British mountaineer Kenton Cool, who recently marked his record 17th ascent of Mount Everest, shared alarming observations about the changing conditions of the world’s highest peak. He noted that the iconic mountain appears to be losing its snow cover, increasingly revealing a “dry and rocky” landscape.
At 49, Cool holds the record for the most ascents of Everest by a non-Nepalese climber. He first reached the summit of the 8,849-metre (29,032 foot) mountain in 2004. Speaking to Reuters after his latest climb, Cool revealed his concerns about the evident transformations on Everest.
“Comparing the current state to the early to mid-2000s, the amount of snow has significantly decreased,” Cool explained. He noted, however, that changes vary annually. “A general trend of the mountain is to be more rocky and less snowy,” he added.
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He also described an unprecedented occurrence on his recent expedition – witnessing rock falls on the Lhotse Face, a part of the traditional Everest climbing route. “That shows how dry the mountain is now, possibly due to a lack of precipitation, a lack of snowfall. It could be a consequence of global warming or some sort of environmental shift,” he postulated.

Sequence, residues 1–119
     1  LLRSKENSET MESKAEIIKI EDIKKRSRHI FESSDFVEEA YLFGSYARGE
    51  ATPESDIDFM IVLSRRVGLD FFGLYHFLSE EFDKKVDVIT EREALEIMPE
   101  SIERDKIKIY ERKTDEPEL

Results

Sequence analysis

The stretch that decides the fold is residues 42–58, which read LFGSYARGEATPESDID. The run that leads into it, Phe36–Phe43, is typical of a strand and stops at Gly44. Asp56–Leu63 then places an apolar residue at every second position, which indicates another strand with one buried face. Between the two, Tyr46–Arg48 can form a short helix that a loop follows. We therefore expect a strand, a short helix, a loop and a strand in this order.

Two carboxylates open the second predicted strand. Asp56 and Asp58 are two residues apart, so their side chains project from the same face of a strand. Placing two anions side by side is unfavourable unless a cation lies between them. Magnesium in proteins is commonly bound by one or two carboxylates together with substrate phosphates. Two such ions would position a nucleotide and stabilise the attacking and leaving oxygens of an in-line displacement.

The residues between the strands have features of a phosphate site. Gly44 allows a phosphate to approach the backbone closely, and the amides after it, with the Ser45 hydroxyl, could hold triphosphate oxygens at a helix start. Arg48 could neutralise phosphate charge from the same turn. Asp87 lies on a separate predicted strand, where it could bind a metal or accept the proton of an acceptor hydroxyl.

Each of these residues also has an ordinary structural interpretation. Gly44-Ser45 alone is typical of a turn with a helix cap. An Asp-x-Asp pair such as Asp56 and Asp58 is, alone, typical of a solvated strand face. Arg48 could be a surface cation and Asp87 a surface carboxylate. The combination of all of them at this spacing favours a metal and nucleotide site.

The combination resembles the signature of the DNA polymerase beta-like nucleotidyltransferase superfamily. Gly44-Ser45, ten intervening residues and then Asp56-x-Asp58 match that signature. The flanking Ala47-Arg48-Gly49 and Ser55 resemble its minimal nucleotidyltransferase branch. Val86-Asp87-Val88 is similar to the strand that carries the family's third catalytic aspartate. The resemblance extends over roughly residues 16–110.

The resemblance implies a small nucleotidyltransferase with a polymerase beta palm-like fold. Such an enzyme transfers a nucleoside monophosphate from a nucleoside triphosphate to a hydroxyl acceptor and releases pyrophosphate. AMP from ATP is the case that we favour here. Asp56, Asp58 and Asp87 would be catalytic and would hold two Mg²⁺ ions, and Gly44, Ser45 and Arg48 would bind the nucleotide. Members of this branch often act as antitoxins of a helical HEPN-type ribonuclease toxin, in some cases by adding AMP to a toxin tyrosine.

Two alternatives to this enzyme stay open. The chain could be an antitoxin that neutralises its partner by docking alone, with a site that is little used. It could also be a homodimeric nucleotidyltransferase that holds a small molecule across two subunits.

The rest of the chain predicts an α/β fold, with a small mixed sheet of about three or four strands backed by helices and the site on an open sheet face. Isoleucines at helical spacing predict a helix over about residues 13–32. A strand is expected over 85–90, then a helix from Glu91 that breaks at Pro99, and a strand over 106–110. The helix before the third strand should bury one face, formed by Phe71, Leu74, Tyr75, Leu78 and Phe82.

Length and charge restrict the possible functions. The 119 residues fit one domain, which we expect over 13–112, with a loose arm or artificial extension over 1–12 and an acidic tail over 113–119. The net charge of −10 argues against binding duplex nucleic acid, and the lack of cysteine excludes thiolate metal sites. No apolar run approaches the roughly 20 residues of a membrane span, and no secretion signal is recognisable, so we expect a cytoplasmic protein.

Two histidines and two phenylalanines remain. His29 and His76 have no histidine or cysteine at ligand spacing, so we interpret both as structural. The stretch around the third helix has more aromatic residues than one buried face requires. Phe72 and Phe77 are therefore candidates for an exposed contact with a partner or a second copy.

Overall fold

Climate scientists have observed a global average temperature increase of 0.74 degrees Celsius over the past century. However, temperature changes across the Himalayas have exceeded these global averages. Official reports attribute Nepal’s annual average temperature rise of 0.06 degrees Celsius to its geographical position between China and India, two of the most significant global emitters.
Despite these environmental changes, the allure of Everest remains. This week, 53-year-old Nepali guide Kami Rita Sherpa set a new record, reaching the summit for an unparalleled 27th time. As for Cool, he plans to return to Everest next year, although he foresees bidding farewell to the peak after another 2-3 years. His future mountaineering ambitions include tackling Nepal’s Kanchenjunga, the world’s third-highest peak, and Makalu, the fifth-highest.